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I know you can add a pointer to an int, and subtract two pointers, and a pointer and an int, but can you add a int to a pointer. So 5 + pointer.

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You can, but restrictions apply. Pointer arithmetics is only valid within an array (or 1 past the end of an array).

Here's some of the rules:

5.7 Additive operators [expr.add]

5) [...] If both the pointer operand and the result point to elements of the same array object, or one past the last element of the array object, the evaluation shall not produce an overflow; otherwise, the behavior is undefined.


6) When two pointers to elements of the same array object are subtracted, the result is the difference of the subscripts of the two array elements. [...] Unless both pointers point to elements of the same array object, or one past the last element of the array object, the behavior is undefined.

pasted here for confirmation.


int* x = new int;
int* y = new int;

is okay, but:

x + 4;
y - 1;

or even comparisons using binary comparison operators are undefined behavior.

However x+1 and 1+x are okay (a single object counts as an array of size 1)

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wait, I thought it was ok to subtract two pointers, add a pointer to an int and subtract a pointer and an int – user12074577 Feb 16 '13 at 0:24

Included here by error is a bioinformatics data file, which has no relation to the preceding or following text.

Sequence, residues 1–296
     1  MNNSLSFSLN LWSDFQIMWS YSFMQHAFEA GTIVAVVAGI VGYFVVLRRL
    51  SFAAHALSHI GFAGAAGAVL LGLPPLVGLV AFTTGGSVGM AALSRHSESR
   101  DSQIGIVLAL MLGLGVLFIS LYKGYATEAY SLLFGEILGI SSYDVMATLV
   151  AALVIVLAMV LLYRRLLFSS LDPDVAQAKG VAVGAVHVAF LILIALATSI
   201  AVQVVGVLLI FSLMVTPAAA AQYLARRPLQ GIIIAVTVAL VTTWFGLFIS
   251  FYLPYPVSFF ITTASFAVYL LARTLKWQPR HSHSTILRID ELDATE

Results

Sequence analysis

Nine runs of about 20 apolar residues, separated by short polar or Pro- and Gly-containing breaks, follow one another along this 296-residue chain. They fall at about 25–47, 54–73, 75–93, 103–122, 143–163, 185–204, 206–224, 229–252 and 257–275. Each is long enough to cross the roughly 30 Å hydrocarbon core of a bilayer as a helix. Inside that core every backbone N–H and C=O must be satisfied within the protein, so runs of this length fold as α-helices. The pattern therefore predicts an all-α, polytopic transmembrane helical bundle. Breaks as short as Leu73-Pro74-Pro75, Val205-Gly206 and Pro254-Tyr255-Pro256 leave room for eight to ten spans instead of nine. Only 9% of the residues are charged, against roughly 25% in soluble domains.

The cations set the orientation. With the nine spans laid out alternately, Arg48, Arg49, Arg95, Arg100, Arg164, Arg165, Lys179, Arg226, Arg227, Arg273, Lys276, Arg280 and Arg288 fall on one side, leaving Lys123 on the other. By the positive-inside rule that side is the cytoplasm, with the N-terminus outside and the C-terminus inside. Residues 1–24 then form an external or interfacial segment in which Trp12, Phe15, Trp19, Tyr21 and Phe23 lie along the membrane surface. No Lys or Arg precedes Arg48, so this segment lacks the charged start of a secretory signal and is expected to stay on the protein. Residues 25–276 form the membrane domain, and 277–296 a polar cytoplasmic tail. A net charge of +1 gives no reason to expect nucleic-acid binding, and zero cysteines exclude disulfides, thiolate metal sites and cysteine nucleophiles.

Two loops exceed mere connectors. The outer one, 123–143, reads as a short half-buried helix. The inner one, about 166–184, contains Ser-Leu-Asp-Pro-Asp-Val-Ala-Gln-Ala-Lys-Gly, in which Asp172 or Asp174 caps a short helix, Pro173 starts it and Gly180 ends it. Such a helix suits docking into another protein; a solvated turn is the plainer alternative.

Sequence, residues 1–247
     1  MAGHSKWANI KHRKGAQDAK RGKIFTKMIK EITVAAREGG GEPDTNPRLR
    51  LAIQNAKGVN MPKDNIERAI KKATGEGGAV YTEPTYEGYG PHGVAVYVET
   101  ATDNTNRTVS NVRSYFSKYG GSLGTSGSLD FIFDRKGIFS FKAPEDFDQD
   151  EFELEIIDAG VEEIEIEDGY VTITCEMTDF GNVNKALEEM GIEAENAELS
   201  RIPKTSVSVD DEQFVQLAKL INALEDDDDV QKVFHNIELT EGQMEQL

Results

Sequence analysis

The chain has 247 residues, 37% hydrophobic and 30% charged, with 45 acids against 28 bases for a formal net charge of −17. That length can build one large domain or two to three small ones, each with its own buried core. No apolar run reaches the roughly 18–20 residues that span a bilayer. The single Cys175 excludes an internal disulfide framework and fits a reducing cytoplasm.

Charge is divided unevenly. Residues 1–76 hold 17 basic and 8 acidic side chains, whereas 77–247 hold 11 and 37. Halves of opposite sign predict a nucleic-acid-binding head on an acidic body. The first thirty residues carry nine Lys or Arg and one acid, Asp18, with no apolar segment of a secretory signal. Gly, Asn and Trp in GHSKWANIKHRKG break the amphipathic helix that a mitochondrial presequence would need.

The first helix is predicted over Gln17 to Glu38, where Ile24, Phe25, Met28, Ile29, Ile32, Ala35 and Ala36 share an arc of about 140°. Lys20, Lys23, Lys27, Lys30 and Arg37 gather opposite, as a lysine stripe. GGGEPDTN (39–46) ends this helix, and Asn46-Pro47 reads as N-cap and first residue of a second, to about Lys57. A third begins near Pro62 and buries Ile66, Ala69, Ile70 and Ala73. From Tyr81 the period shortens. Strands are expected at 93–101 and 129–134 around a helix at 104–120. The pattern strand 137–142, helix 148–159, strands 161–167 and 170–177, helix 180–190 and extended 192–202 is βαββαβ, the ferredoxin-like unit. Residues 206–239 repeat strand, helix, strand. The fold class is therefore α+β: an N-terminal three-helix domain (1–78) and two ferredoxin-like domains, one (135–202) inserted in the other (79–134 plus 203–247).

@user1207457 withing those restrictions, it is. – Luchian Grigore Feb 16 '13 at 0:24
lol ok so these are all ok: pointer + integer, pointer - pointer, pointer - integer, integer + pointer – user12074577 Feb 16 '13 at 0:26
@user1207457 as long as they follow the rules, yes. – Luchian Grigore Feb 16 '13 at 0:26
Here, "not valid" means if you break one of these rules, you invoke "undefined behavior". In other words, the compiler is allowed to do anything, which can include behaving as though the pointers are numbers, emiting a compile or run time error, crashing or deleting the contents of your hard drive and impregnatig your girlfriend . Break these rules at your own peril. – SingleNegationElimination Feb 16 '13 at 2:10

Adding an int to a pointer is syntactically okay but there are so many issues that you have to watch out for, e.g. overflow errors.

Ideally, you should do it only within an array.

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It's more than ideally; it's a requirement. – Pete Becker Feb 16 '13 at 13:08

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